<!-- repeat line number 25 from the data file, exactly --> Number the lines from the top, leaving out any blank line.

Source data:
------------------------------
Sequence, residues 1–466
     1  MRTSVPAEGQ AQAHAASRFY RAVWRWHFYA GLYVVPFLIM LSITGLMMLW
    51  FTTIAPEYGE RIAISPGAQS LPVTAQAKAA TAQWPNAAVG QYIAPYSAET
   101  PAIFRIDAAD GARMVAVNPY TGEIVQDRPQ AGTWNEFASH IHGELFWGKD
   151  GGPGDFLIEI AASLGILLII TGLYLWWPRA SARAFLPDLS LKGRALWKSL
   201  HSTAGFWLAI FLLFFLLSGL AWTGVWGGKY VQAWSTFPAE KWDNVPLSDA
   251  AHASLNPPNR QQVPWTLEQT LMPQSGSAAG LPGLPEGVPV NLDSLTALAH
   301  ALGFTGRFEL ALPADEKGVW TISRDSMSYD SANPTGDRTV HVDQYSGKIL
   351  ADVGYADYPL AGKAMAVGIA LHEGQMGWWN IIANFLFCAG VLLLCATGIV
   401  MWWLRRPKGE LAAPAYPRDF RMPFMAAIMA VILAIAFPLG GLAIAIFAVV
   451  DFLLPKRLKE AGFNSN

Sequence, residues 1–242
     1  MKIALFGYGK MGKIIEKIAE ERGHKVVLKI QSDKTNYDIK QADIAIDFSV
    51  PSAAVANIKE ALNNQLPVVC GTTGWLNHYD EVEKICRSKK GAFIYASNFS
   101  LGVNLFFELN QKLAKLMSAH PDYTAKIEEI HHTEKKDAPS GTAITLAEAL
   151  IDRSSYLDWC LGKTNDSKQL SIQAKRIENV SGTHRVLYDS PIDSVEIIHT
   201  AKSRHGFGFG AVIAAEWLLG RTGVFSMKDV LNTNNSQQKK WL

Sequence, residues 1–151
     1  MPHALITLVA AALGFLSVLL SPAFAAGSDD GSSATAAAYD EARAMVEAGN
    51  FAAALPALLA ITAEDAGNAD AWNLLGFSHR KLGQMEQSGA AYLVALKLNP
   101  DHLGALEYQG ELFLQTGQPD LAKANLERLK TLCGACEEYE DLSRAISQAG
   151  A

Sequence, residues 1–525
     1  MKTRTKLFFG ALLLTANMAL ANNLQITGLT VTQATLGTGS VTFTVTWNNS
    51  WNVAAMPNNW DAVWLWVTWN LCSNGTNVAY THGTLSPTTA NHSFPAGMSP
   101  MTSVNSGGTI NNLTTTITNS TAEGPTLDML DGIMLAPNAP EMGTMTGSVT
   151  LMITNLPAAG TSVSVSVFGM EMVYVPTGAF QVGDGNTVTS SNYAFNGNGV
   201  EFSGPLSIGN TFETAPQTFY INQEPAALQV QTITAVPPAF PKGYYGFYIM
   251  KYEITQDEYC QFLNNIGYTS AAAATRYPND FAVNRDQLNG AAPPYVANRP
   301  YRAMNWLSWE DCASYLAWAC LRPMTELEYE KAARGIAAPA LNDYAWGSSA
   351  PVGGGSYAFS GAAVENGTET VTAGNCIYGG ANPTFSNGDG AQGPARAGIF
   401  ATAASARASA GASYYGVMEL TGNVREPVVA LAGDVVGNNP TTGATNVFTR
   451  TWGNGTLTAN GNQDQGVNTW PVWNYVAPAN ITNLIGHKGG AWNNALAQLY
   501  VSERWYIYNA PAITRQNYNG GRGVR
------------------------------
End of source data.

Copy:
    51  WNVAAMPNNW DAVWLWVTWN LCSNGTNVAY THGTLSPTTA NHSFPAGMSP